In the days of the triumphant Arabism, when Cairo was not only the unchallenged political capital of the area but also its cultural one, there was no question about it: Arab stars had to express themselves in colloquial Egyptian even if classical Arabic was used from time to time for “higher” (or less popular) forms of cultural expression.
It was thus a real symbolic turn when the famous Abdel-Halim Hafez decided in the late 60’s, dressed in the local garment, to sing various pieces from the Kuwaiti traditions (see this interesting article, in Arabic, in the daily Al-Quds al-arabi.)
Today, it’s nobody’s surprise when an Arab singer, from whatever country of the area, uses another variety of colloquial Arabic: Egyptian stars sing in a so-called “Arabic of the Gulf” (a mere fiction as there is of course a fair amount of local variations), Lebanese or Iraqui starlets whisper in Egyptian colloquial, to say nothing of many popular voices from the various Maghreb countries who sing either in Egyptian or or forms of colloquial arabic.
During the three or four last decades, the Arab linguistic map has greatly changed thanks to the always growing cultural industries with their transnational media. Indeed, the new generations have probably lost some proficiency in “classical” Arabic, but they have developed new linguistic skills, especially an unprecedented adaptability to cross-over boundaries of all local variations of the Arabic language.
Many times, this linguistic ability is a mere gimmick in order for a singer to gain the favours of a special audience. But the shifting from a vernacular to another can also be used in very conscious way, as a political gesture. Latifa for instance was born in Tunisia and has worked, among others, with the Lebanese composer Ziad Rahbani and the Iraqi singer Kadhem al-Saher, after she has become a panarab star when she left her country for Egypt.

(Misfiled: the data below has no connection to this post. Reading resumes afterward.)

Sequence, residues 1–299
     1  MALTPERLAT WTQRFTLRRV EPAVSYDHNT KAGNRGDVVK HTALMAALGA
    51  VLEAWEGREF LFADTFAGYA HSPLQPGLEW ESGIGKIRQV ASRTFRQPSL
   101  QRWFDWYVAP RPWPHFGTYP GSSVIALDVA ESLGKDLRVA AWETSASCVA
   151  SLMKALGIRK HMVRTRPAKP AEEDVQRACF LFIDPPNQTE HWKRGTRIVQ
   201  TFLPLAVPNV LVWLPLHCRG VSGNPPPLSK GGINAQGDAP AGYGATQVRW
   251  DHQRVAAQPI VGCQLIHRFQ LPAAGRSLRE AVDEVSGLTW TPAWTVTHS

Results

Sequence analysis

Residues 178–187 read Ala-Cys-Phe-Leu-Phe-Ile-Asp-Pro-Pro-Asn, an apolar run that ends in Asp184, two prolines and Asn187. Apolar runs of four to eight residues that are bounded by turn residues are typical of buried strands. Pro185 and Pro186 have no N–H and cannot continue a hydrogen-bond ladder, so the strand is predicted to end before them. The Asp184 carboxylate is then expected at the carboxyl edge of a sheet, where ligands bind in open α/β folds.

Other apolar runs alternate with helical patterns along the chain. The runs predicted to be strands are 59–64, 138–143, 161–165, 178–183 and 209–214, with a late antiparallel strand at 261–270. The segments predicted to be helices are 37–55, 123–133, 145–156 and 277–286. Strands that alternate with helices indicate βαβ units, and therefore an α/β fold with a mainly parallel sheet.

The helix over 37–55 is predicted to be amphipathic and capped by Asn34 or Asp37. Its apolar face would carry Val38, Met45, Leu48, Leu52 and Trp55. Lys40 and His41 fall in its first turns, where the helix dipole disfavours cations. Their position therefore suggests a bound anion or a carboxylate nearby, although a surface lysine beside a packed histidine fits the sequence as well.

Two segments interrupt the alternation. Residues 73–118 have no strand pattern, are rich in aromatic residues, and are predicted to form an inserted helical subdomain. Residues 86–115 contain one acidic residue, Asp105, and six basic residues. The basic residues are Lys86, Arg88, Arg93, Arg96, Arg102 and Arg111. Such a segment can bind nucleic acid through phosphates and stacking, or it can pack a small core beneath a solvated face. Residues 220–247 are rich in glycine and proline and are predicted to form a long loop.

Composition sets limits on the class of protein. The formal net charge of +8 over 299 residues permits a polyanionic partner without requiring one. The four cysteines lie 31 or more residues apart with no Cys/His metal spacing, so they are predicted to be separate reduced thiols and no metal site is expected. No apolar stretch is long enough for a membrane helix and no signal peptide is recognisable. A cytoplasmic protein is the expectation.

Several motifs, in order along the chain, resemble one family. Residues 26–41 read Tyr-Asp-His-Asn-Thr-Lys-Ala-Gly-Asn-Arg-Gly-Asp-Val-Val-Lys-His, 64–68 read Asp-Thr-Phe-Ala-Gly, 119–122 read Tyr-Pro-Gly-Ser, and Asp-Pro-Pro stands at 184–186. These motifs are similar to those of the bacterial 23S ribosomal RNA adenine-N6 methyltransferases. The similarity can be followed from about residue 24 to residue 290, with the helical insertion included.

She is now promoting her new CD with songs in “Arabic from the Gulf,” a decision in line with the political stand she took in various circumstances, for instance at the 2004 Music Awards in Los Angeles when she declared that her happiness wont be complete without the liberation of the Palestine and the Iraqi people. When asked about the issuing of her new record with songs in the colloquial Arabic used in the Gulf area, Latifa explained, according to the Lebanese daily Al-Akhbar), that singing in another vernacular than you native one, when you are from the Maghreb or whatever other part of the Arab world, is a way to brake the borders drawn between the Arabs by colonialism (أحبّوا ذلك أم كرهوا، لا بدّ من كسر الحدود المرسومة بين العرب جغرافياً، فنياً وفكرياً. لأن هذه الحدود من ركائز الاستعمار).
And with the usual link to the original post in French, a rare video of the “brown nightingale” in a Kuwaiti song.